By Jeffrey Lerman
The Women’s Basketball season from 2014 into 2015 had a successful track record with one team in particular causing a problem. After getting their feet wet in January, the team had a streak of eight games won in a row up until facing their rival, Sullivan County Community College. This sparked the second loss for the college against Sullivan after losing to them once before in the beginning of February.
“The matchups are a little different. Sullivan plays a little more up tempo and aggressive type of game. The thing is it took us a while to get used to that, about how to break the press and things like that. But, particularly in the second game,” said Kevin Foley, head coach on the Women’s Basketball team.
Foley believed the team had a solid chance at winning the Region 15 Tournament with their key player. Which proved worrisome when their key player or “quarterback” didn’t play. Going into the semi-finals against Sullivan, they were in a difficult situation after their last two losses.
“The girl that we lost in the final game of the season, was our key player. So what happened going into the playoffs, she didn’t play. And we were without, shall I say, our quarterback,” Foley continued. “And even though we didn’t have our quarterback, we were down only eight in the second half. I thought if she was around, we had an outstanding chance to take care of them this time. Because we matured over the course of this season.”
Throughout the Women’s Basketball season, the major teams consisted of Nassau, Sullivan, and Suffolk. They were on the right track after having beaten Nassau twice in a row mid-February. This gave them an advantage by taking down one of the two beasts they were up against.
“Coming into the playoffs, coming down, we beat the number one team. Twice. And the team that won the regional tournament, we beat them twice. The week before we played Sullivan, the last game of the year,” Foley stated referring to Nassau.
Sullivan has been a tough competitor in having an advantage over Suffolk by having dorms. This has given the college the opportunity to bring in students from all around, such as cities like New York City. Foley noted that the Sullivan college had brought in six girls from New York City. This wasn’t a team of players formed from their own community, but rather one they had picked and chosen. Suffolk has not had that same luxury at their disposal.
“The last game of the season, we were up with two minutes and ten seconds to go. We were up two. And then that game went into overtime. So we were pretty even there. We lost one of our better players with two minutes and 13 seconds to go. And we held on until overtime,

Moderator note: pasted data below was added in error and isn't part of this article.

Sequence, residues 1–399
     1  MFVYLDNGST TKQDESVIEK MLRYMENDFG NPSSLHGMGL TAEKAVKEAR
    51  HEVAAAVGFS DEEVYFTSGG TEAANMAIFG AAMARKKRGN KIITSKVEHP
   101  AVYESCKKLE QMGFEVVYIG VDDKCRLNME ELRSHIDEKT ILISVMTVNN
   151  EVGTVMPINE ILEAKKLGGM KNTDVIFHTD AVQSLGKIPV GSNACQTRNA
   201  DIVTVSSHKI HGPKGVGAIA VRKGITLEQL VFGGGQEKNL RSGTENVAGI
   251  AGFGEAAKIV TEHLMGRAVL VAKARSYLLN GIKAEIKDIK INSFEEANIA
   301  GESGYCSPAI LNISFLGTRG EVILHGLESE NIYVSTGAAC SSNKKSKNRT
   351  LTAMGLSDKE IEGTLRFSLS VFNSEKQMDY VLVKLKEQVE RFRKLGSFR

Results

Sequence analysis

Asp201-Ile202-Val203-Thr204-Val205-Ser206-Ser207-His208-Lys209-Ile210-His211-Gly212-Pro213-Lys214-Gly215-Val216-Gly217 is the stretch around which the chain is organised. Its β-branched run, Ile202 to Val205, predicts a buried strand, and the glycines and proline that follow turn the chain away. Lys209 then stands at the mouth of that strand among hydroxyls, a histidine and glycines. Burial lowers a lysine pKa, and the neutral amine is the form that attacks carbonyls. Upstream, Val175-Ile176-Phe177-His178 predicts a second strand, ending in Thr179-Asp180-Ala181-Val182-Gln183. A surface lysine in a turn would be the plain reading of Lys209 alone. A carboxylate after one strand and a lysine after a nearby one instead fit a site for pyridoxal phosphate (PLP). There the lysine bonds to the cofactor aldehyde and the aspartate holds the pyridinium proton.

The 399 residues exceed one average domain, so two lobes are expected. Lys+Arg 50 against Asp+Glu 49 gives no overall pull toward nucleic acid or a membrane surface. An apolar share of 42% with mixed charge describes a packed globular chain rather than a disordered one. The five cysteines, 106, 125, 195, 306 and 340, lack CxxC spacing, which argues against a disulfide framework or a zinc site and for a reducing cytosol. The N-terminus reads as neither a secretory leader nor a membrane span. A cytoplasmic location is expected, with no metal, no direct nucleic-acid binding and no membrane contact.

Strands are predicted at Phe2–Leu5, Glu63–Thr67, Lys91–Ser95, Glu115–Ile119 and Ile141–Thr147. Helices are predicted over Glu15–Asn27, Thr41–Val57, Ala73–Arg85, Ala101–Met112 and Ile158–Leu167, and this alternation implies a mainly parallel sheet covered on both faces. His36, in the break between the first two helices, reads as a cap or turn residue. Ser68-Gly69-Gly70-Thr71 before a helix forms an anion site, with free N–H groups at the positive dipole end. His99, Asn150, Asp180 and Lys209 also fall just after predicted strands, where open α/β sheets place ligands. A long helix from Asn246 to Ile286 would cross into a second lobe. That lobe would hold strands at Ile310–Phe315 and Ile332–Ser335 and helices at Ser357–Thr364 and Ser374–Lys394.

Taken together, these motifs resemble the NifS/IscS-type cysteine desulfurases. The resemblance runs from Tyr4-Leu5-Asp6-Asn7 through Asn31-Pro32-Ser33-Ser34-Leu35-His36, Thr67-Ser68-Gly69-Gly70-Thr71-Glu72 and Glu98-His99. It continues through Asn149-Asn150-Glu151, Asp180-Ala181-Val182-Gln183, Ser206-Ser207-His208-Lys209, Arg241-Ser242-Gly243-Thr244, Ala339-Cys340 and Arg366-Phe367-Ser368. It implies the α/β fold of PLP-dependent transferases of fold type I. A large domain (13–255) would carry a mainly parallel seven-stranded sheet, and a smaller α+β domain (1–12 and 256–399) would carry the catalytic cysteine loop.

we were shall we say up in overtime,” Foley said.
Outside of the Region 15 Tournament, there’s always been a struggle year to year in Foley’s 20 years of coaching the Women’s Basketball team. With the help of Kerry Swanson, associate head coach, they have both had to work with the students that come in annually. From girls leaving and girls coming, without having scholarships to offer, it can be hard not knowing who you’re getting.
“There will be a few girls coming back. It’s a challenge because you never know who is coming back and you never know who is coming in. So the thing is, then you start over and sometimes you go back to ground zero,” Foley stated going forward. “It’s not like at a four-year school where people come in and there’s a system, there’s players there, everything else ahead of them. The difficult challenge is getting continuity from year to year.”
With Foley and his assistant head coach Swanson stepping down this year, there’s a new dynamic coming in to be seen. Foley briefly mentioned the new coach being a gentleman coming in from “one of the local high schools who have had great success.” But, the same problems will still persist with getting that continuity for a great team.
“It serves a challenge from year to year, because even kids who are here for you sometimes transfer. Sometimes because of economic reasons they go to work. And there’s all different types of dynamics that go on,” Foley mentioned.
The Sharks may have lost the season 15-6, ending at the Region 15 Tournament Semi-Final, but that doesn’t stop Foley from seeing how significant this team is,
“Three years ago we were the number two team in the country, at this level. Across the country for having the best athletic programs. Last year we came in sixth. In terms of division 3 opportunities and division 3’s excellence, we aren’t usually in the top five in the whole country. Right around there. Which is a pretty nice acknowledgment to the school and to the kids who participate.”